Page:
Emily Wells’ new album ‘Promise’ is a record like few others - both tangible and smoky, guttural and delicate, it treads atop a thin sheet of ice throughout, yet remains unafraid to bask in the warmth of its creator. Streaming below in full, exclusively on DIY, it’s the tension of a winter’s thaw put to tape.
With a vocal that draws to mind everything from SOAK’s idiosyncratic tone to the future-facing fantasy of Sigur Ros, Wells’ work soars and wilts through endless guises. ’Pack Of Nobodies’ deals in a heavily-computerised classical pitches her alongside the likes of Anna Meredith, while recent Neu Bulletin inclusion ‘Don’t Use Me Up’ opts for stripped-back simplicity. It’s in the balance that Emily Wells marks herself out as something truly special - effortlessly treading a tightrope between the electronic and the real-world, boundaries become both meaningless and transcendent, ‘Promise’ enveloping everything it touches in its otherworldly twilight.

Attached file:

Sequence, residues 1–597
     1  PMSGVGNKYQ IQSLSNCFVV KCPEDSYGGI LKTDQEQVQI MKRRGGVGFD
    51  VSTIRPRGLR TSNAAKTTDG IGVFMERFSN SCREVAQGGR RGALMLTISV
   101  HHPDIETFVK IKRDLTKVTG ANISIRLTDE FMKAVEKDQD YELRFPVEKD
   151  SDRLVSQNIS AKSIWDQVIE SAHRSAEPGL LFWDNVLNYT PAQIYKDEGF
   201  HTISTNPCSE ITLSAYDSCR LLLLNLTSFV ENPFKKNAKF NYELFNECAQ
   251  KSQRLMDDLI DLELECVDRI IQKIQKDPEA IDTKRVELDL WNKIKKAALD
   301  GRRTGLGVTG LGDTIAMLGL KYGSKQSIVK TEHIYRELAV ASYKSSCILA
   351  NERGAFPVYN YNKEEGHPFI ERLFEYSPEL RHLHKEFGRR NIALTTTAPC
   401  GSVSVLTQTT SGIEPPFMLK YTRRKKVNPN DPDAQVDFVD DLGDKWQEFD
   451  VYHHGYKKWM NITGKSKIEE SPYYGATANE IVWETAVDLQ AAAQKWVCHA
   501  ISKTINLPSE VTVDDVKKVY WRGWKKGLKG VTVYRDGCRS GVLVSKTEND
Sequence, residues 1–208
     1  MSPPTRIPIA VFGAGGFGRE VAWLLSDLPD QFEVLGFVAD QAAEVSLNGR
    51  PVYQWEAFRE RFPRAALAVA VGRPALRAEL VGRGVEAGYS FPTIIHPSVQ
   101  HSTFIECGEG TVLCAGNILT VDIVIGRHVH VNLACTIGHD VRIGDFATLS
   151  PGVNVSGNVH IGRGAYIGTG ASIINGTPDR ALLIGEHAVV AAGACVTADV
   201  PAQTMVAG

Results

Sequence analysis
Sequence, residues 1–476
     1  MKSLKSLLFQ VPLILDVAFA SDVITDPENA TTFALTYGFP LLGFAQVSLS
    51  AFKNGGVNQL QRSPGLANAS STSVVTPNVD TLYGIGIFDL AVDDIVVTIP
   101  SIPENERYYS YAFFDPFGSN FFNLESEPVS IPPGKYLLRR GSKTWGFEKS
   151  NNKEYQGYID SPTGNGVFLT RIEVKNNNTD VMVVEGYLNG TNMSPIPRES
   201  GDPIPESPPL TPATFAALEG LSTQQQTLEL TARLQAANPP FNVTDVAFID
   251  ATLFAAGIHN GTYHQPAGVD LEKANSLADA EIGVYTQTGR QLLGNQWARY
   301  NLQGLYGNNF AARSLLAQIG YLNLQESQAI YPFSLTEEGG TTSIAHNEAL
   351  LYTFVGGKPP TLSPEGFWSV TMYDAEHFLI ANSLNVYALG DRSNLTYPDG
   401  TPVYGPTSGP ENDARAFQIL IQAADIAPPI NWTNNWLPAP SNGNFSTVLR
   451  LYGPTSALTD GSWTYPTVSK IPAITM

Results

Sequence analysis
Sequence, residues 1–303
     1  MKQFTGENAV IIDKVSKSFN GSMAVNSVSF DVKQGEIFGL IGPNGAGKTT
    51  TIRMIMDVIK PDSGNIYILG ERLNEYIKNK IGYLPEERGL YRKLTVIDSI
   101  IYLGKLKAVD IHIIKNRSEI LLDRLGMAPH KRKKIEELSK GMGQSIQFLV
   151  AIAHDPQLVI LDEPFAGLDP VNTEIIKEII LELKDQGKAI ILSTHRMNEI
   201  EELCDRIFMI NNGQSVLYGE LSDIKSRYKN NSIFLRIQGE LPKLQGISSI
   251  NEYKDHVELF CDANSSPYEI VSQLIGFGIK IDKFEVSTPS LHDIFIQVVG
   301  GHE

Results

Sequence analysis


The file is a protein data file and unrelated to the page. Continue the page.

“‘Promise’ was a tireless master, crony, provocateur, trickster, eat your heart out lonely kid that took two plus years to make and get to this moment,” she explains, her reflections on the record every bit as knotted as the LP itself. “Mostly recorded in my own shifting studios, I would say it came in three parts. Part one, and this is chronological, was a feast: compositional, lots of strings and vocals and exploration. It was in 3D, had strut. Part two was throwing much of this at the wall - the humility phase, tearing out the scaffolding, seeing what stands. Part three was a new form of exploration, more open to outside influence. See, I was somewhat new after that humility phase, plus I’d been to China and had a completely freaked world view. So this part was the most intimidating and bold and daring but it was what made this an album, and not a disparate collection of songs. I listened a lot to Bach’s Partita no 2 in D minor on this one piece of vinyl I discovered in the back of my collection, watched a soothing little piece of cinema called Complaint of an Empress by Pina Bausch regularly, and brought in a friend to help see the songs in a new way; Jacob Plasse, who lent some production ideas and eventually mixed the album with me. Now it is out of my hands and into yours, all I can hope is that it continues to breathe.“
Dive into ‘Promise’’s below, and pre-order a copy here ahead of its release this Friday (29th January) via Well’s own Thesis & Instinct Records.